So far I've solved about 24 of the Project Euler problems. I'm not sure how long it took me, probably a few months working on them here and there. I would like to continue solving more of these when I get the chance.
I was waiting for the January 2010 swimming times to appear on the Vancouver Park Board website but I got tired of all the clicking and scrolling required to see when the lessons were available. The other problem was that once the lessons appeared for one pool, some of the other pools still hadn't posted their lesson schedule for January 2010. The times that came out for the first pool were not ideal so I wanted to wait and see what came out for the other pool, while making sure that the first pool didn't book up.
I recently forked the defunct eyefiserver project. The new project is called eyefiserver2. It is a server for eye-fi cards that runs on Linux using Python, however, it should be possible to run it on any OS, I just haven't tested it on anything other than Linux.
[img_assist|nid=361|title=Django Handicap Tracker Screenshot|desc=|link=popup|align=right|width=100|height=77]
Have you ever experienced a full disk on a server or a desktop? Not fun. This script would normally be run as a cron job and would notify you by email if any drive's free disk space has passed below a certain threshold. The code could be better; I wrote this one a long time ago when I was a bit of a n00b and I was in a rush as well. I might make take a look at it again and see if I can make some improvements.
I used this script all the time before Picasa finally added this functionality. This script renames a whole bunch of photos, in a directory for example, appending numbers to the end of a base filename according to the EXIF dates stored inside the JPEGs. For example, a directory full of files that looks like this:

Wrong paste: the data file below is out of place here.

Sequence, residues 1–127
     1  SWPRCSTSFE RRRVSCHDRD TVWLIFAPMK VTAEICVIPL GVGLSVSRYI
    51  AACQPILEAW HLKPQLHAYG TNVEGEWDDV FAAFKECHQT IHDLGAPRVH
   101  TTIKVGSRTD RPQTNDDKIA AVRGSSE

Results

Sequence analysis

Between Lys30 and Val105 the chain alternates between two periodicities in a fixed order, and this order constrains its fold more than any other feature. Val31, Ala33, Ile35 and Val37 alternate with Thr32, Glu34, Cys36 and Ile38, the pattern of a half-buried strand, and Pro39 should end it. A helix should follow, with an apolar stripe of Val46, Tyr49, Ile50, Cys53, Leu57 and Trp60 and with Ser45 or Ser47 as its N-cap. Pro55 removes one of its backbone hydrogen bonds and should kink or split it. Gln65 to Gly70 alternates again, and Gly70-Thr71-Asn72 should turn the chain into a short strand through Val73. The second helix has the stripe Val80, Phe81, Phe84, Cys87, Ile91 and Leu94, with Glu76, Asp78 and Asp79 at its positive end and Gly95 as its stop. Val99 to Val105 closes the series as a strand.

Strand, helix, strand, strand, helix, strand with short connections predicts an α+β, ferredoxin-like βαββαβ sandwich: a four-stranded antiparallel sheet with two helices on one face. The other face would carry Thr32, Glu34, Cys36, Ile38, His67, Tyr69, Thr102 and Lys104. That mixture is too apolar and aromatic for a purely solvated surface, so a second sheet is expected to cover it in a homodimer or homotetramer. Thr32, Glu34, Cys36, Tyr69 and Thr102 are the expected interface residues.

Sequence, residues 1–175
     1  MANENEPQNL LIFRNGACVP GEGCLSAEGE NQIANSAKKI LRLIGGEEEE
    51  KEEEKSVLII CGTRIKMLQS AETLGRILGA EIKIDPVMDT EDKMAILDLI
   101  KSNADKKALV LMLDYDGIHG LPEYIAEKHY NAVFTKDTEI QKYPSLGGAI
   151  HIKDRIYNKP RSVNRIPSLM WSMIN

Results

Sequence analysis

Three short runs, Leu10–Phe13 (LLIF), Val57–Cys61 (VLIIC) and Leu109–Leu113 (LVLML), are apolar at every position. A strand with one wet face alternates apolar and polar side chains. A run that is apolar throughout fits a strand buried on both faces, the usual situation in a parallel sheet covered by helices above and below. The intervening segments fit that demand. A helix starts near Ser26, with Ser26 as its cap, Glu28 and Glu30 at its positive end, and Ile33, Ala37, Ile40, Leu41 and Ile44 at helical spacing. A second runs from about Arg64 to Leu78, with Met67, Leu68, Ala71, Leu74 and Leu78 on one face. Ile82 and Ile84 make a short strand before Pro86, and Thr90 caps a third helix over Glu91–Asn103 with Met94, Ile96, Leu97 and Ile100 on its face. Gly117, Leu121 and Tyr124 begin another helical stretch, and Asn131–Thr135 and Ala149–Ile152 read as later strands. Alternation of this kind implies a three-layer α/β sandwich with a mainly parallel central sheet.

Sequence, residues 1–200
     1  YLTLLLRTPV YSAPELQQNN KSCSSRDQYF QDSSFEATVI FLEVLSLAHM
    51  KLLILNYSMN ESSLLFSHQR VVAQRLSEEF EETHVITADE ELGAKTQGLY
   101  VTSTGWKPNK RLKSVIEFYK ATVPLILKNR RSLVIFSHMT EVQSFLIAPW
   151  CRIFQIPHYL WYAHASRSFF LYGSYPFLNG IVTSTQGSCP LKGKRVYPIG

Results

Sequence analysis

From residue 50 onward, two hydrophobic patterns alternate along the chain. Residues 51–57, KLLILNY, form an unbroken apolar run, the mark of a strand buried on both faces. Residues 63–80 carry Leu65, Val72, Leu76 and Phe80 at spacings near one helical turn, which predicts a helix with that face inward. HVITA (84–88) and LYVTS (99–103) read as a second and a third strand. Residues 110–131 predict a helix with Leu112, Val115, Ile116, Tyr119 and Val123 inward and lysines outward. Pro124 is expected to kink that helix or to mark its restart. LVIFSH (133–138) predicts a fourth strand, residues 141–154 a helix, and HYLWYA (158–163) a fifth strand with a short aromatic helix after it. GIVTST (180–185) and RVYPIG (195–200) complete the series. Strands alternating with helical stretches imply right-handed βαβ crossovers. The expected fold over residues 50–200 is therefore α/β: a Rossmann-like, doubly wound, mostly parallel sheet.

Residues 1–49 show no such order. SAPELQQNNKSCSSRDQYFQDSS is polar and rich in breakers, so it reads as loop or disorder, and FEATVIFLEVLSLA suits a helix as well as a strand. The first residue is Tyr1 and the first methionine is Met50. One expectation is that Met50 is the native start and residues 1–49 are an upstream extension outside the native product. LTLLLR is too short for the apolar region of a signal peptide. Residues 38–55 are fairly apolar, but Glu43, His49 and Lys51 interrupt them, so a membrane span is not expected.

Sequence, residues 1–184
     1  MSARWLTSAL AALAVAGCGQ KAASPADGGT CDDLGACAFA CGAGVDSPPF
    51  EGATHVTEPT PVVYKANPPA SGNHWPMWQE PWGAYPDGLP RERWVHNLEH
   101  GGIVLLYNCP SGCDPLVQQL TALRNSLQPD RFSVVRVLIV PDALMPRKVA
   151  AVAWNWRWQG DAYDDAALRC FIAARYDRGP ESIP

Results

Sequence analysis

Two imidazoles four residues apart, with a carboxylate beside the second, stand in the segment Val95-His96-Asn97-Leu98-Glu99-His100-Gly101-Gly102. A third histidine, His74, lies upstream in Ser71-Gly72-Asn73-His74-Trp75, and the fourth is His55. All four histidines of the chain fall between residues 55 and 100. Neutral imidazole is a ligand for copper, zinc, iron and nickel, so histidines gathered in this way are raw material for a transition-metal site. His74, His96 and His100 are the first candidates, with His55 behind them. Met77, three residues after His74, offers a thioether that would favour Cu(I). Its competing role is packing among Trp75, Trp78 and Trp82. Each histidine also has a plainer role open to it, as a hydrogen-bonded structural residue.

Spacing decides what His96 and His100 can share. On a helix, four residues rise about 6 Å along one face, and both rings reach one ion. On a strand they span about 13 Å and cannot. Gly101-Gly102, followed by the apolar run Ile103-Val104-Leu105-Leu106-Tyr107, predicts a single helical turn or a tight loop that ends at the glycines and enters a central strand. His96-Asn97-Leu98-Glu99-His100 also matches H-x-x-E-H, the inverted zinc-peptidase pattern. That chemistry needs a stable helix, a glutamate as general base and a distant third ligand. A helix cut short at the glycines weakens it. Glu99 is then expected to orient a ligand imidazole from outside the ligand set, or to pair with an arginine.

IMG_0123.jpg IMG_0124.jpg IMG_0127.jpg IMG_0128.jpg ... IMG_0248.jpg IMG_0250.jpg
could be renamed to this:
Camping Photos_001.jpg Camping Photos_002.jpg Camping Photos_003.jpg Camping Photos_004.jpg ... Camping Photos_112.jpg
When the Vancouver Sun came out with their Vancouver parking tickets database I immediately had some burning questions, like, did the meter maids work on holidays? Do the work less in the evening than during the day? I found it difficult to answer these questions using their interface, so I decided to screen scrape all 1.6 million parking tickets in to my own MySQL database. This was a bit challenging as they made it difficult to screen scrape the data but eventually it could be done simply by first getting an AppKey, a hidden value inside the HTML source and then doing queries using that AppKey as a parameter. It took about a week to get all 1.6 million tickets downloaded. By using Django, it was easy to get them in to a database and view the results. Initially I just put all the data in to one table, then later I decided to normalize the data a bit which was interesting as I decided to do that in pure SQL which I hadn't done before. I did the scraping itself using a combination of BeautifulSoup, lxml, and mechanize.
MySQL SQL dump (42 MB)
Here's some data:
This script will create mp3 sample clips. I created it to automatically create sample mp3 clips for a friend of mine's (Will Stroet) website. You can tweak the length of the clip and the fadeout. Unfortunately it can only create samples that start at the beginning, however, it could be easily modified to start anywhere. It depends on the quelcom library, lame, and mpg123.
I know there are lots of ways to do this. This is not a HOW-TO, but just sharing a script I made for doing this. It's a decent example of how to write a command-line utility in Python.
Since I write my cover letters and resumes in LaTeX I always need to concatenate the two together before sending it to an employer. This is very important so that the person on the other end prints out both and it makes their life easier by not having to worry about two files. For the longest time I just had a simple script that looked like this:
This script will automatically update a drupal module if your drupal source code is stored in a Subversion respository. It first removes all files except for the .svn directories, then extracts the tarball for the new version of the module. Then it runs an
svn status command to see which files are new, which files have been removed in the new version, and which files have changed.